Echocardiographically, fibroelastomas are more bulky, with stalks or pedestals sometimes present and multiple, fingerlike projections on their surface[5]. As fibroelastomas are usually found on the mechanically less strained parts of valves and endocardium they tend to be larger than valvular strands[5]. Valvular strands (Lambl's excrescences) are always found on the affected valve's line of closure and this limits their growth[5].

Several published case reports have shown that valvular strands are associated with emboli to the coronary, pulmonary, spinal, retinal and cerebral circulation[1].

Specifically regarding stroke, numerous reports have demonstrated an association with valvular strands, particularly in young patients[3, 4, 8, 9]. The mechanism for embolic events is either that of thrombi forming on the strands which then embolize or it is possible that the valvular strand itself can embolize[2]. Direct visualization of thrombus on a valvular strand have indeed been described before[10].

In conclusion, a case of a valvular strand, attached to the coapting edge of the mitral valve is presented, giving a serpentine appearance to the mitral valve. This valvular strand was the cause for a cerebral embolism which presented with a transient right sided hemiparesis. This is the only current case in the literature, where the combination of aspirin and clopidogrel is used for the prevention of further episodes of cerebral embolism. In the only randomized treatment study to date, no difference in relation to efficacy of warfarin compared to aspirin was found in patients with valvular strands and previous embolic episodes[2]. For this reason a combination of antiplatelet therapy was initiated as a therapeutic trial.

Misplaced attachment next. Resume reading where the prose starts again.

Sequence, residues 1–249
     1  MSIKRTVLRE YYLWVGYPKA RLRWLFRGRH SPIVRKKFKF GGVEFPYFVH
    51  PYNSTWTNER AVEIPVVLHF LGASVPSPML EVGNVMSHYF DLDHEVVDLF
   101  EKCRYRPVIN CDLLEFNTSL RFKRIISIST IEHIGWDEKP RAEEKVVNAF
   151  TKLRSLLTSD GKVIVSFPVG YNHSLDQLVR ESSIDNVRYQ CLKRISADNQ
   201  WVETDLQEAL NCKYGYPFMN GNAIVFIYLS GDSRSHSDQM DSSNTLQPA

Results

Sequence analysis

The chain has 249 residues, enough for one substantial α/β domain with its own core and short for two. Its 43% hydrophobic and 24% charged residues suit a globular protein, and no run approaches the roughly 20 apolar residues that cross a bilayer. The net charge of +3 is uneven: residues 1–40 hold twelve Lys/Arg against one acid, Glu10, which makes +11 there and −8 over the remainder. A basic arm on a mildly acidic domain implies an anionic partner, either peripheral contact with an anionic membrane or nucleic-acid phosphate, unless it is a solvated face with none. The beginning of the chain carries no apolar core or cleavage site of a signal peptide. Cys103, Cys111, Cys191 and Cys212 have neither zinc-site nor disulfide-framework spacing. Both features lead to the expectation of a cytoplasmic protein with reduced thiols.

It is proposed that a randomized controlled study involving the combination of aspirin and clopidogrel is warranted in patients with valvular strands presenting with a first episode of cerebral embolism.

Declarations

Authors’ Affiliations

(1)
Department of Physiology, University of Pretoria, Pretoria, South Africa

References

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Copyright

© Ker; licensee BioMed Central Ltd. 2011

This article is published under license to BioMed Central Ltd. This is an Open Access article distributed under the terms of the Creative Commons Attribution License (http://creativecommons.org/licenses/by/2.0), which permits unrestricted use, distribution, and reproduction in any medium, provided the original work is properly cited.